Year: 2002 | Directed by: Paul Thomas Anderson | Roundup Rating: A
Paul Thomas Anderson never cease to amazed me. He is truly one of the best living filmmakers around and definitely one of my top favorites. I've been wanting to see Punch-Drunk Love for ages but I never got the chance...until now. Punch-Drunk Love is a romantic film, and if you're a fan of PT Anderson you would know that it doesn't always happen in his repertoire. Basically the subject of loneliness, alienation and the craving for human contact is there, which is a recurring theme in his films.
Adam Sandler's character, Barry Egan, has seven doting and emasculating sisters; he is self-sufficient, runs and owns his own company but remains to be relationship less at his age. Although he appears to be a nice guy he has some problems with aggression. When he gets angry over something he loses control and he trashes things around him. Sandler is famous for being a comedic actor. He made his career from being funny, but this movie was able to showcased his various acting skills. I actually got carried away with the scene where he was talking to his brother in-law pleading him to get him a psychiatrist because he is really lonely. In my opinion, he was that desperate to have someone to talk to, to the point of phoning a sex hotline just to have some faceless bimbo listen to him for once.
It is strange for me to be watching this film at this particular moment of my life because not only I could relate to Adam Sandler's character but I know exactly how it feels to be lonely like him. It's frustrating to crave for attention, especially if you've been on that path for a really long time. You just want to scream to the world, "okay, I'm exhausted can somebody please help me out of here!" But nobody really listens, nobody gives a damn, especially if they find you useless in their lives. When Barry Egan was running for his life because some crooks is after his money it rings a bell to me how sad when the only people chasing after you are from rip off companies, petty thieves and credit card collectors. Sometimes you can't help the desire (of wanting) to kill yourself. After all, human beings are engineered to love and be loved. How can you have that basic desire if nobody, not even a single soul, cares for you. So Barry starts to buy these grocery food items from Healthy Choices in order to collect frequent flier miles so he could travel the world. He is tired of being lonely so he felt the need to stop living with himself by being somewhere else far away from his obnoxious family.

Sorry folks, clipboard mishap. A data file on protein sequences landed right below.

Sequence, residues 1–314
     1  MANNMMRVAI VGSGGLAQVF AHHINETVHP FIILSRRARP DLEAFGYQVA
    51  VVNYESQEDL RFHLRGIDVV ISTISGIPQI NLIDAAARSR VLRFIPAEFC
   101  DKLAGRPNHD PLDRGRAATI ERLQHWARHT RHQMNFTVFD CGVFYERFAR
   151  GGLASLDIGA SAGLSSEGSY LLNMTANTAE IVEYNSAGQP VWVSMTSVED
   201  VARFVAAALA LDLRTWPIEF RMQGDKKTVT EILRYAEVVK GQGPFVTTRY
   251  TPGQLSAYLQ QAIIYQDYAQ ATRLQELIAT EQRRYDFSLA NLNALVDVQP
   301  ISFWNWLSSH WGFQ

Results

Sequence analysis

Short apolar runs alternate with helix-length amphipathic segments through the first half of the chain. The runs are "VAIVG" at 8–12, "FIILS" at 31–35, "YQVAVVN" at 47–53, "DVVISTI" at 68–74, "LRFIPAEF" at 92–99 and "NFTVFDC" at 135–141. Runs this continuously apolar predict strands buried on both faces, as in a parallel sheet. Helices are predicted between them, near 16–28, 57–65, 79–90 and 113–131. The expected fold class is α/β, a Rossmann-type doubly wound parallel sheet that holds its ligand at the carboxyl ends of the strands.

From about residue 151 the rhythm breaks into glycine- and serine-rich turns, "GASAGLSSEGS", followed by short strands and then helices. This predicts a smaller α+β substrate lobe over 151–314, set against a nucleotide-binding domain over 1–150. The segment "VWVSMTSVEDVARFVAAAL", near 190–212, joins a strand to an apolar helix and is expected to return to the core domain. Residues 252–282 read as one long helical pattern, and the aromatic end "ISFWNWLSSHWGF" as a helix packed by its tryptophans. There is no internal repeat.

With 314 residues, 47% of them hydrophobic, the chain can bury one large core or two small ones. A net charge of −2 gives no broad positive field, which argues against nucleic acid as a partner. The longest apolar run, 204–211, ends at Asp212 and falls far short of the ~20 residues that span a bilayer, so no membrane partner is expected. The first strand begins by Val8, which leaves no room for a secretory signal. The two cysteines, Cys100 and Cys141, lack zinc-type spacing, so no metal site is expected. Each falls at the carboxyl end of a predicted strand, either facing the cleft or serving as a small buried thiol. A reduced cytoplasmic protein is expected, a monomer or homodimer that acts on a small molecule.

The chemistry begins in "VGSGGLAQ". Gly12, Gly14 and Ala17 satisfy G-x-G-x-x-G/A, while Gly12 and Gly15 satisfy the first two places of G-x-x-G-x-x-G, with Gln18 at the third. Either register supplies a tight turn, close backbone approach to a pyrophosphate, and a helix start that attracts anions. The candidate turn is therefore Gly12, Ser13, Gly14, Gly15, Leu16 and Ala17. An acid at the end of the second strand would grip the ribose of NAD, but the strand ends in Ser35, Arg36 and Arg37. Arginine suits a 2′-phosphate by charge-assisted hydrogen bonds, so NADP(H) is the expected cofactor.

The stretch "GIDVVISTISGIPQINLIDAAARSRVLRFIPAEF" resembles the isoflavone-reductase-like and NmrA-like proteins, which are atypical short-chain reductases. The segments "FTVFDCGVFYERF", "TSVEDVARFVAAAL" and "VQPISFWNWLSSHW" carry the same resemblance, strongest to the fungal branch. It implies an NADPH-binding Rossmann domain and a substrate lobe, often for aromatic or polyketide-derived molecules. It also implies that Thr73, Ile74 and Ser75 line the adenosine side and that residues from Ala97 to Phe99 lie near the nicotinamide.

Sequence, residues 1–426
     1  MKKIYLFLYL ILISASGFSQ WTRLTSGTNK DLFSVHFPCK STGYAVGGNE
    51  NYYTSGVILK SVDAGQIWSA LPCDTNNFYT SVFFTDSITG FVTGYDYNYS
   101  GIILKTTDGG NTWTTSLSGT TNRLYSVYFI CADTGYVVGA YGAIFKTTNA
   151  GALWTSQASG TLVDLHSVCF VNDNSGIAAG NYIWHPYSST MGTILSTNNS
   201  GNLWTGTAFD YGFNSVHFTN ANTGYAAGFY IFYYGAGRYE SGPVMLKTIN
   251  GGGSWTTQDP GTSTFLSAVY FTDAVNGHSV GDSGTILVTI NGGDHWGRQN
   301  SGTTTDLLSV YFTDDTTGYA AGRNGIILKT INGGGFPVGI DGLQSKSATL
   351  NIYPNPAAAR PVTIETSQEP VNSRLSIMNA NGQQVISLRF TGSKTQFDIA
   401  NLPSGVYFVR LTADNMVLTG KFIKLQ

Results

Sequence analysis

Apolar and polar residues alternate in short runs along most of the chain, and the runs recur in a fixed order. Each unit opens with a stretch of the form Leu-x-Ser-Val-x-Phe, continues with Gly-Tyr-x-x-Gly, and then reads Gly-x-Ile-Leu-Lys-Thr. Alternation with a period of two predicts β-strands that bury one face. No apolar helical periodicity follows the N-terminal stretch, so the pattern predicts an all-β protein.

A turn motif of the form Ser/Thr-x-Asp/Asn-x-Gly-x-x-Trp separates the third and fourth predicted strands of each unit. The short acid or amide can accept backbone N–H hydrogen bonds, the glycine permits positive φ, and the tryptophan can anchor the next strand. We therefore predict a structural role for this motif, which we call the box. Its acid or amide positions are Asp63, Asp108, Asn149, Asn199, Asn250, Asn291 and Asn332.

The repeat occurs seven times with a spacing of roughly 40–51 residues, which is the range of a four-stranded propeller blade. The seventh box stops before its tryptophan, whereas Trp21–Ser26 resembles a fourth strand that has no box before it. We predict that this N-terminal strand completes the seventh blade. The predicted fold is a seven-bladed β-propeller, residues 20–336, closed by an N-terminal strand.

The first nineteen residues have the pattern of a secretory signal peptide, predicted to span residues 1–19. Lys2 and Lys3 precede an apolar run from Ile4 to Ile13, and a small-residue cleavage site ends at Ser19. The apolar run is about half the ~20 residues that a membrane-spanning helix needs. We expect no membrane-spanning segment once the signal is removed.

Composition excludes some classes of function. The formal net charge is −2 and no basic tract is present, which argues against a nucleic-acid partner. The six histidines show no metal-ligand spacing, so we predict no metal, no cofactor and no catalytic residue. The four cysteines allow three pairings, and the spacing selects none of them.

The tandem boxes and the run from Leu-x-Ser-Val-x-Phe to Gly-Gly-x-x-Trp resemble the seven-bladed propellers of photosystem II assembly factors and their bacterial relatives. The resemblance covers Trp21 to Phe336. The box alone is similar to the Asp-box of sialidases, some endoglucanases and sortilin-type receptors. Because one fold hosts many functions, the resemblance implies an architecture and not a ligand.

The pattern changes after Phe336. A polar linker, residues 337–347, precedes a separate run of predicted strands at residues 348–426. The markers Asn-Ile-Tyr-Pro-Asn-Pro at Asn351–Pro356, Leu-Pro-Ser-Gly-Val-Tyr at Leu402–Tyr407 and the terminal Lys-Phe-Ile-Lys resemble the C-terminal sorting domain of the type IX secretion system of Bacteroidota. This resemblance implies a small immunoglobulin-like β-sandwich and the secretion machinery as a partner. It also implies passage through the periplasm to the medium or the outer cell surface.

The silver lining of the story is the arrival of Lena (Emily Watson). She is a strange girl, with a strange taste. And she likes him a lot despite of what his sisters said about him. In my opinion, that's the whole thing about attraction. You see something special about someone and it may not be a shared point of view, but it doesn't really matter as long as you are satisfied. In a world full of people chances are we would find someone (equally strange) who would love and accept us for who we are. I think that's the whole thing about this movie, although there's nothing really poetic about it, but the realistic touch of the story is really beautiful and deep. We are carried into life not removed from it. Through Lena we saw the importance of going after what we want and just seizing the moment. If she did not gave him her number or made the first move nothing will happen. So it's important to take our chances when it's right there in front of us and if we let it go we are also letting go of our own opportunity to be happy.
If you've never seen any movie by Paul Thomas Anderson it is best to start with Punch-Drunk Love because comedy and romance is easier to take in, especially if you are not that adept to characters that are dark and bitter. This is a really good film and it's totally different from his previous and later works. What more can I say, I'm a fan.